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I´ve got a question concerning updates with a Linux system. My system is Lubuntu 16.04.2 LTS, 64 bit.

I wanted to update my system recently. Among others there was a kernel update available (4.15.0-47-generic).

It so happened that out of some undefined reason the internet connection was a bit shaky and the download of the packages to be updated stopped. So quite a bit has already been downloaded and another bit was still to download.

A minute later I tried it again and the rest was downloaded alright. After the download was complete the installation process began and went through without any difficulties. It seems all packages (including the new kernel) were installed.

My question is:

Can I be sure that the update process went through alright under these circumstances?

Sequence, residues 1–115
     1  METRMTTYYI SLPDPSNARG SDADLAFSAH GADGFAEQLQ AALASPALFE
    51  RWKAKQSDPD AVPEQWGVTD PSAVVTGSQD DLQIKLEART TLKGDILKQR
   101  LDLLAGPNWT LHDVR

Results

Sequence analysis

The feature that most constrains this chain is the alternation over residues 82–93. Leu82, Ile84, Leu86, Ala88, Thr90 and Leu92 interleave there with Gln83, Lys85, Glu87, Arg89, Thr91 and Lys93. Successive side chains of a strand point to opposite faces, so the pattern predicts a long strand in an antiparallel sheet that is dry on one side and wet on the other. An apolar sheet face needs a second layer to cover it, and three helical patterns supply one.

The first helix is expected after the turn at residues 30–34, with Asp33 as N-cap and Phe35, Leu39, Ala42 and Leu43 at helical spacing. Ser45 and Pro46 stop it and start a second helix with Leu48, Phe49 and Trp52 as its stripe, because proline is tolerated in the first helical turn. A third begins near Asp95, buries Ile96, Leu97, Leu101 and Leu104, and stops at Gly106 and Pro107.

Or in other words: Does Linux employ some mechanism that makes sure that the packages are completely and correctly downloaded before the actual installation process is triggered?

Tnx in advance. Rosika

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Yes Debian/Ubuntu (deb/apt) Packages and Package Management do contain a mechanism to ensure package security.

Apt-get package management uses public key cryptography to authenticate downloaded packages.

If you want to understand how, please refer to https://help.ubuntu.com/community/SecureApt which includes sections on

  1. Basic Concepts (Public Key crytography)
  2. How to Find a Key
  3. How to validate a Key
  4. The Web of Trust (verification of Keys)
  5. Validation of Release File and Packages
  6. Links for more information

An alternative source is upstream (Debian's) https://wiki.debian.org/SecureApt

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  • Tnx a lot for your answer and the links. That´s exactly what I wanted to know. Secure apt seems a fine strategy helping to ensure that installation proceeds well even after a temporary loss of internet connection. – Rosika Apr 3 '19 at 12:02

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